What recourse do I have? I really feel like she has all the rights.
Please help, I feel like the wicked landlady who is going to have to struggle for months to pay a crazy amount of money to someone who is working the system, untruthfully.
A:First off, working on the presumption that this is a month-to-month tenancy agreement, the tenant is required to give at least one full calendar month's written notice that he or she is ending the tenancy. A May 1st notice therefore isn't technically effective until the last day of June. So the end of tenancy date gets backed up to then too, and the security deposit is required to be returned or claimed against within 15 days, which takes you to July 15th.
It strikes me that your tenant is trying to finagle 'double the security deposit' but she hasn't thought it all the way through. Neither did she think it through clearly when she lopped money off the rent because paying the rent in full and on time is a material term of every agreement - save for those rare situations where an Arbitrator has ordered that the rent money is to be redirected, credited, etc.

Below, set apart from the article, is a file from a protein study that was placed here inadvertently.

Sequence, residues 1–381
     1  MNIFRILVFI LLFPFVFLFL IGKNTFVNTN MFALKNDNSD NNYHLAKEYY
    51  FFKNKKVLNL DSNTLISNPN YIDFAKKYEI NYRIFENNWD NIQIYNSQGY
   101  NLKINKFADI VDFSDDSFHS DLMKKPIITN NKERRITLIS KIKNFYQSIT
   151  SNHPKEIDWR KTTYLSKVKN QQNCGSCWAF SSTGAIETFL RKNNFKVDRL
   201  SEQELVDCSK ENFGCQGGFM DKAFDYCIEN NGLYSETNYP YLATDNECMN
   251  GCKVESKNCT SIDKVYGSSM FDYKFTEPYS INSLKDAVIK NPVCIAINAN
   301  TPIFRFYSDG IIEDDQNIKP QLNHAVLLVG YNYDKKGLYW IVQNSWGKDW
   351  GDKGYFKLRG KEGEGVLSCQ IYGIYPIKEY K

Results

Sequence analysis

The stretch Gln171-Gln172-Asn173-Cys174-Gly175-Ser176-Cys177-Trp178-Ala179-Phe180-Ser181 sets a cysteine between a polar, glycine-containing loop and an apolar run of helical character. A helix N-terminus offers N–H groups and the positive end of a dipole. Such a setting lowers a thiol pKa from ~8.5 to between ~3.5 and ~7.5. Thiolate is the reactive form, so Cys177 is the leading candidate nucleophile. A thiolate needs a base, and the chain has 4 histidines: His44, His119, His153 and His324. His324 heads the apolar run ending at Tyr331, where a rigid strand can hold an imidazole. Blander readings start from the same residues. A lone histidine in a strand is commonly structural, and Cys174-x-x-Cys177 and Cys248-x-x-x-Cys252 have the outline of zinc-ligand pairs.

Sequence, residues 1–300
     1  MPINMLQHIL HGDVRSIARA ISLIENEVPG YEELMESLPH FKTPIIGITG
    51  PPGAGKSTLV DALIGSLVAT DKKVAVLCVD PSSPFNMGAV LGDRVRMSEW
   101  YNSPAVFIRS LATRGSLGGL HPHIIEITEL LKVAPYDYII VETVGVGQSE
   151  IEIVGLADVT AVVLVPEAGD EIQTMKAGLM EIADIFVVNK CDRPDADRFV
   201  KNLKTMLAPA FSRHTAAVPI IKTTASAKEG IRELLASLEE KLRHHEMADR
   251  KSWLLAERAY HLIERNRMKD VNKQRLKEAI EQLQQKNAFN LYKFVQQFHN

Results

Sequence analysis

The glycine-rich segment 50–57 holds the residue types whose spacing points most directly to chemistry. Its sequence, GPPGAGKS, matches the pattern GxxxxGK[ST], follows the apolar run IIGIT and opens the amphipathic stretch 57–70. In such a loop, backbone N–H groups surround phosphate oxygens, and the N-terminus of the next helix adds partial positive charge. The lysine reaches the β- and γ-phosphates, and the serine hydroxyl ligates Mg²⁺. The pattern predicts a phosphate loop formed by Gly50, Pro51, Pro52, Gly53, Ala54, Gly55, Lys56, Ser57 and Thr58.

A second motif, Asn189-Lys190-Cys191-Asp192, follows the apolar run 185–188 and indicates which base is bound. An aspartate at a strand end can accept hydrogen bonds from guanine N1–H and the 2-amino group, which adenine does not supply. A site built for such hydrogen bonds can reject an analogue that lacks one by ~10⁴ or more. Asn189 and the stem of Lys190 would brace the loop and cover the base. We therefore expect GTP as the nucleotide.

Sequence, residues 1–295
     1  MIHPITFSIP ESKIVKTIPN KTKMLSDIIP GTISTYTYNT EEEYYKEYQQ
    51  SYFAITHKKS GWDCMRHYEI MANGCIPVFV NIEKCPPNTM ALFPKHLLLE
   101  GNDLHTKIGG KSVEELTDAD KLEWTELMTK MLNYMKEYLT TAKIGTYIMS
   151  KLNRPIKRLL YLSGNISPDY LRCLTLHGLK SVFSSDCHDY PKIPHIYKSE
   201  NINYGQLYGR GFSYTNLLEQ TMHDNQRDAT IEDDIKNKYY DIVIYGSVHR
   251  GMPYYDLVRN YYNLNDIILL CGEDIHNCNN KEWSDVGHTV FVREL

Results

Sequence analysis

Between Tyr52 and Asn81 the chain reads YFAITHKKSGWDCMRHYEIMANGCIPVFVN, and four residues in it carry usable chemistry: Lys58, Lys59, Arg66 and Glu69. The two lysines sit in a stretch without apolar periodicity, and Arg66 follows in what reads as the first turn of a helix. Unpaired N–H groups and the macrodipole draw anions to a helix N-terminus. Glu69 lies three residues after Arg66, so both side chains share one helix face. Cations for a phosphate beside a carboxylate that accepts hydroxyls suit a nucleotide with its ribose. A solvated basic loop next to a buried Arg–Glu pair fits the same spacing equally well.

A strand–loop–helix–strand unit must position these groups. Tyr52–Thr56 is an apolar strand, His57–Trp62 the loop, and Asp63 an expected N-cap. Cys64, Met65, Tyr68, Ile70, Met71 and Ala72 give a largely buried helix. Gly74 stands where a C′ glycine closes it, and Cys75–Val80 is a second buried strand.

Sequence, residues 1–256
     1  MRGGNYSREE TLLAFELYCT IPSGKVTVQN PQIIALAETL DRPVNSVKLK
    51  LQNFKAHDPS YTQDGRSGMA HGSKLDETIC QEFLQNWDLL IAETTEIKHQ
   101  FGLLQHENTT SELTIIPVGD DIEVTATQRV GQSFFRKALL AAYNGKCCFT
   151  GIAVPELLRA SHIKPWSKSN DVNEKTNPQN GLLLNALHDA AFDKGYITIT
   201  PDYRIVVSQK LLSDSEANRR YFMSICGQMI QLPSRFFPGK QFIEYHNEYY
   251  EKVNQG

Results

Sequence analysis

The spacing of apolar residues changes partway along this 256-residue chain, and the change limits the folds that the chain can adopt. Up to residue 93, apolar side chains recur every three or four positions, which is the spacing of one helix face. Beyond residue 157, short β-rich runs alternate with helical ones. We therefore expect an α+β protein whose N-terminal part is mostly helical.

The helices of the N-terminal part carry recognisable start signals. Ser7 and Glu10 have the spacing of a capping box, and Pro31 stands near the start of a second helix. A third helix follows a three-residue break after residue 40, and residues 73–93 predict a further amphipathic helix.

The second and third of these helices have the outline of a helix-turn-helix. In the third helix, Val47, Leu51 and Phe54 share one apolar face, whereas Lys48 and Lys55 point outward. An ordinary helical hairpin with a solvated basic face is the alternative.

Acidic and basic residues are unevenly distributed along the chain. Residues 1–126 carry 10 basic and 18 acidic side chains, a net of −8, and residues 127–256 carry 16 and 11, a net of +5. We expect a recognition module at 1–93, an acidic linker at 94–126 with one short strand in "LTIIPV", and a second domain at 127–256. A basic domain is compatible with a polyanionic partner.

Tenants can make emergency repairs where the landlord can't be reached, but sound documentation is required. Money can be taken off the rent for this reason but it requires more than a 'you said she said' circumstance - people have to be able to substantiate it.
In some situations the tenant can treat the tenancy as ended due to a fundamental breach of the agreement or frustration of the contract, in which case the one-month written notice doesn't apply - but other things do - like notification to the landlord of the breach / frustration and an opportunity to fix it.
This means that the red tag on the furnace by the gas people will come into play when you go to arbitration, and it gets confusing when you say she said (there we go again) Terasan fixed the problem in March when they responded to an emergency call. An Arbitrator will have to decide what's up with the furnace, and when, and could decide that having no working furnace was a deal breaker, and frustrated the whole contract - or that the furnace was already fixed and this is an excuse.